2014 Kala Flattop Tenor Guitar

I was aware that Kala was making a tenor guitar, these days, but I hadn't had the chance to try one out. It makes absolute sense that they would build a tenor, as so many uke players (ukes are what Kala is known for) double on tenor guitar these days and pound on my email and phone walls asking for them -- very specifically -- in a "size 5" (a little bigger than a baritone uke), 12 fret body. This instrument is basically what that crowd is after and, I have to say, for a $300 instrument, Kala has hit it out of the park with this model.

It's got a thin, lightly x-braced, solid spruce top riding over laminate rosewood back and sides and has a shorter 21 1/2" scale length I'm used to seeing on early/mid-20s tenor guitars before the 23" scale and bigger bodies became standard. It's well designed and, despite the dead-ish strings that I had to play with on this customer's instrument, has an excellent, woody, folksy, full sound to it. I was absolutely shocked because so many modern-era makers build tenors that just fall all over themselves in any number of ways.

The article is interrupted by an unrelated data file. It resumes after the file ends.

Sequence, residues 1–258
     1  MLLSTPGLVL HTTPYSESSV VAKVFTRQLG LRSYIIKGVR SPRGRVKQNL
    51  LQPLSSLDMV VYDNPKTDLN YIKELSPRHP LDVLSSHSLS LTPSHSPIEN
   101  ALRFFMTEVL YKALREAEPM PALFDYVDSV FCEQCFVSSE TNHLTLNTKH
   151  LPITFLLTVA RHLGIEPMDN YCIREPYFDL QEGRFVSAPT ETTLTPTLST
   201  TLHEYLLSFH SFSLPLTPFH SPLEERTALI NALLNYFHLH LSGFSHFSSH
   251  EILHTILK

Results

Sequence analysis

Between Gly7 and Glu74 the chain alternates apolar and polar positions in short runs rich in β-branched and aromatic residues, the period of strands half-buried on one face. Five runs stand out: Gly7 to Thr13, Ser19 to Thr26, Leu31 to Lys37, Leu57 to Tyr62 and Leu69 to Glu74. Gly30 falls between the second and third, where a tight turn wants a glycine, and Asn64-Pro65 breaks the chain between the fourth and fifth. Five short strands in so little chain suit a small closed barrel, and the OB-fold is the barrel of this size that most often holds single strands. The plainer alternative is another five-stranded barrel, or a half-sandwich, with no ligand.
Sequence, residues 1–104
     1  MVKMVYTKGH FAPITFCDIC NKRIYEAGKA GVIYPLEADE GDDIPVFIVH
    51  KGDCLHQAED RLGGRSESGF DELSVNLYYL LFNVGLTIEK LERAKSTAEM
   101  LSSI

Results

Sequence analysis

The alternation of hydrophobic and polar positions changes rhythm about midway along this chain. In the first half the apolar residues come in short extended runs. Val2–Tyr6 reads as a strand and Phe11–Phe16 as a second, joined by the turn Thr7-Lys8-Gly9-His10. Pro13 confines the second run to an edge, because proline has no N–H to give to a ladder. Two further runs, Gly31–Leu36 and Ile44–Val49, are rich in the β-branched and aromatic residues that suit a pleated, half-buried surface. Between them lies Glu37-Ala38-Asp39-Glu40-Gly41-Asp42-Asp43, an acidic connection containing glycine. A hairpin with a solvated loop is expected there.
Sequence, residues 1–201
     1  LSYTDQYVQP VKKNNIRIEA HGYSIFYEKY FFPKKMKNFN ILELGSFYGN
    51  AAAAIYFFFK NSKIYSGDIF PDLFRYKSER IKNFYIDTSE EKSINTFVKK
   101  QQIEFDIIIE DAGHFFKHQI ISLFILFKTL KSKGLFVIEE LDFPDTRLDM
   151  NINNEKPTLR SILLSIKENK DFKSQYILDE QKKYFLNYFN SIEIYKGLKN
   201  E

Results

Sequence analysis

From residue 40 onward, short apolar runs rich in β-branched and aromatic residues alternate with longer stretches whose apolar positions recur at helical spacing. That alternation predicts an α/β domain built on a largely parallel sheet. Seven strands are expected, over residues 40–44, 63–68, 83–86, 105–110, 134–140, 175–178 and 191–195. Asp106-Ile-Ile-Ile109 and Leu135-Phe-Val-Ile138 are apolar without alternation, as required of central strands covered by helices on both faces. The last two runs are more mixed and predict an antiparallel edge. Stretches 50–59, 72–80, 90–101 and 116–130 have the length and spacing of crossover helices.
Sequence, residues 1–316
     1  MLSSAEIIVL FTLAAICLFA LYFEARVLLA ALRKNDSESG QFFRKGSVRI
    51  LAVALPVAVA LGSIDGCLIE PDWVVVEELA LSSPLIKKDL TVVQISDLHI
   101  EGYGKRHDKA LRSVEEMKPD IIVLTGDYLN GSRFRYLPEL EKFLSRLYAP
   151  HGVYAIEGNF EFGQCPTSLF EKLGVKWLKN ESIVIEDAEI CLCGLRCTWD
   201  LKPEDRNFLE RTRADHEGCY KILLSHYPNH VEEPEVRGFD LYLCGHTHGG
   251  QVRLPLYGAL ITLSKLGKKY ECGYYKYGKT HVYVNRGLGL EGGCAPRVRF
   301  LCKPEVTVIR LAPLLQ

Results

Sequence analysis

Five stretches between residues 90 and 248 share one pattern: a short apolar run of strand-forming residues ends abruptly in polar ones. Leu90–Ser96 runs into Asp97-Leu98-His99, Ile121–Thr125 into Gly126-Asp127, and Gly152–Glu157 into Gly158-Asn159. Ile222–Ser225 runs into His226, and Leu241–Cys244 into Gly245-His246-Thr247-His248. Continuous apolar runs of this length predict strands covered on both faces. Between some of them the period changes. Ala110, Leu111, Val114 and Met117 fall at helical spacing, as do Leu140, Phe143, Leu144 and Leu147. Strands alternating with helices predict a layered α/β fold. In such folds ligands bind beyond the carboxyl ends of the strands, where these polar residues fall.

I can see the tone of this suiting just about any way one could think of stringing it and it does the "octave mandolin" GDAE tuning it's currently wearing some real justice despite not being intended for that low a pitch at all. That brings me to why it was here -- the owner restrung it that way and I needed to recompensate the saddle for the thicker strings and adjust the setup for it.

Aesthetically, it's actually a pretty clean design, too. Clearly, they were appealing to uke players with the look and style. It has a thin, satin finish which helps keep the "plastic" feel away from it as well.

The nut and saddle are both bone and it comes stock with the nice Grover Sta-Tite pegs, though in the 14:1 version rather than the higher-ratio 18:1 version which I like better.

The neck is mahogany, truss-rodded, and has a rosewood (flat profile) fretboard.

Because the saddle was on the low-ish side, I string-ramped behind it to get a better back-angle on the saddle itself.